I don't know how to explain "ый" by typing it, but the neuter and feminine genders are pronounced as they are spelled. "до́брое" = "DO-brah-yeh" and "до́брая" = "DO-brah-yah". There's also "Доброй", which is used when saying "goodnight" to someone, before going to bed. "Доброй ночи" "DO-bry nochi".
Добрая and доброе are pronounced the same in the standard accent (or, at least, very, very close).
A voice talent doing station announcements may hypercorrect a tiny bit to make -ое different from -ая but this effect is rather subtle (it does not sound natural when the difference is large). I think, I heard an announcer making an unstressed -е of the ending more distinct, which lets the listener know that the station is, say, Солнечное, not Солнечная.
- on the other hand, it is wise to consult the route map on the wall anyway... And I am sure stations that only differ in gender are nearly non-existent. I see no reason why would one have them on the same line.
а/я are typical feminine endings (though there are a few masculine and common gender nouns, too)
о/е are common for neuter nouns. Neuter nouns also include ten words that end in -мя. Nouns of foreign origin that end in о/е are indeclinable (I am talking about direct loanwords).
consonant endings are typical for masculine nouns. Consonants include Й.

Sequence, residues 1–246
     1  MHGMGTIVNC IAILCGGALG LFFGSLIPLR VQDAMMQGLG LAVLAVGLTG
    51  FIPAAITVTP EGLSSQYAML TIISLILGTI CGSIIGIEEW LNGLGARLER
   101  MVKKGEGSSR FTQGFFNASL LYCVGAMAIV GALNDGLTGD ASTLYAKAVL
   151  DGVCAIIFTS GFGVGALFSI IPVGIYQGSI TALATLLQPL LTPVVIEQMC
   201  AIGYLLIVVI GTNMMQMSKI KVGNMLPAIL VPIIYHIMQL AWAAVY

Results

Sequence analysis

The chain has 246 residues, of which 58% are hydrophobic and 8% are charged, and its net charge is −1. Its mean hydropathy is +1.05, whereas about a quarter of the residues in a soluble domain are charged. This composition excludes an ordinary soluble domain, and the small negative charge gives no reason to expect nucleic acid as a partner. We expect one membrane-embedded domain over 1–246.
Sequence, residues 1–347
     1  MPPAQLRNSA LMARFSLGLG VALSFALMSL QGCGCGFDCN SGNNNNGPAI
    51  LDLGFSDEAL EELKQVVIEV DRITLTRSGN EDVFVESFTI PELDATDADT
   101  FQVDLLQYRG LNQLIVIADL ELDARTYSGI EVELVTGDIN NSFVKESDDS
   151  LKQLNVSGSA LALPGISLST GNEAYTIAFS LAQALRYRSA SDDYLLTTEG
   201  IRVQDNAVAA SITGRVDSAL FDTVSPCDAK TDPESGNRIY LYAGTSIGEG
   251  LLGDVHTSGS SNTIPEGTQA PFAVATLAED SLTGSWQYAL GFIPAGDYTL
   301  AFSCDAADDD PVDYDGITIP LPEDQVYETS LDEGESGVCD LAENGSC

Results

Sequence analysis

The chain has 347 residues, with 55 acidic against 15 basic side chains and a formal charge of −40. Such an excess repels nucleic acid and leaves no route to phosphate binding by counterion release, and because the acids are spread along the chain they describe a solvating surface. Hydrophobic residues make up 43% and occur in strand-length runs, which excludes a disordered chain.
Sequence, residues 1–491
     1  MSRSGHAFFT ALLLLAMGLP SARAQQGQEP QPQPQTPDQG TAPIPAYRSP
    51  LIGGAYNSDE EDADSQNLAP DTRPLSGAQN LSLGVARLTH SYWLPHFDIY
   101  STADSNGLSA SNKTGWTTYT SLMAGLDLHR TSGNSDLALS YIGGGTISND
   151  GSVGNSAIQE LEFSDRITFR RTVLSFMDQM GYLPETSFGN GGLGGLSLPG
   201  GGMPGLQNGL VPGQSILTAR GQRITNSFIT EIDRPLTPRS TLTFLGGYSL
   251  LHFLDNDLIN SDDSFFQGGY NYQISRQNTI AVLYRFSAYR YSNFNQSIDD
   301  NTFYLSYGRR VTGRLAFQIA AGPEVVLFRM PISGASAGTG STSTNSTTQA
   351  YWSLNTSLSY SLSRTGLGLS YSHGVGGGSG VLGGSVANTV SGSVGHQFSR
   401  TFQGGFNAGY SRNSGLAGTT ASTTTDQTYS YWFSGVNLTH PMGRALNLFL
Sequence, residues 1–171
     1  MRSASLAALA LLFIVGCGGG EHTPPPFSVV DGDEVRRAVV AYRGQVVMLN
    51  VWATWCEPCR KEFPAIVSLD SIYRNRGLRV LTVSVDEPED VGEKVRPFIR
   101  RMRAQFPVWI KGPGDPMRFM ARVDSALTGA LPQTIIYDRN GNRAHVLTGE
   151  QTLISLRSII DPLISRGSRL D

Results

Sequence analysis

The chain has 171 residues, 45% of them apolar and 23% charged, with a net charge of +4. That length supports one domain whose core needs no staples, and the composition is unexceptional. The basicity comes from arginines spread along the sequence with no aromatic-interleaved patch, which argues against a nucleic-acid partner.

A word ending in a consonant followed by a soft sign can be either feminine or masculine. About two thirds are feminine but there are many masculine, too, even among the common words (e.g., день, огонь, конь, гусь, контроль, словарь, учитель, родитель)
A word ending in anything else is indeclinable. The gender of an indeclinable noun can be neuter (e.g. метро, кафе), it can be determined by the gender of a person (Дженни is a girl), by the umbrella term for such objects (Огайо is a штат, so it's masculine) or simply by tradition (портфолио can be neuter—or masculine for no sane reason). Looking it up in the dictionaty is advised, especially if the word is popular.
An unstressed "о" is pronounced as "а", or maybe more like the English "uh" (as in "up") We do the same thing in English. If the syllable is unstressed, the vowel becomes diminished and sounds more like "uh".
The word "хорошо" is a good example. It's pronounced more like "харашо" because the last syllable is accented/stressed.
Спасибо, so first i have to listen to the word and then deduce the spelling. In my native language, you write what you say and say what you write. May be thats why it is getting hard for me to grasp since i am still a noob in russian. On other note, what is the sound and usage of ь?
ь Is a soft mark. If you see it, it means the preceeding consonant will be made soft. For example, there is a word "жаль", which means "it's a pity/shame". The ь at the end of the word indicates that the preceeding л will be soft.
Alternatively, it can be used to create a kind of separation. For example, in the name "Татьяна". The т before the soft mark would be soft either way, since it is followed by a soft vowel (я), but the soft mark is there to separate the the т from the я. It's pretty difficult to explain through text. If I could record a message here, it would be very easy to hear how the ь affects the pronunciation of that name.
It will all become easier over time. :)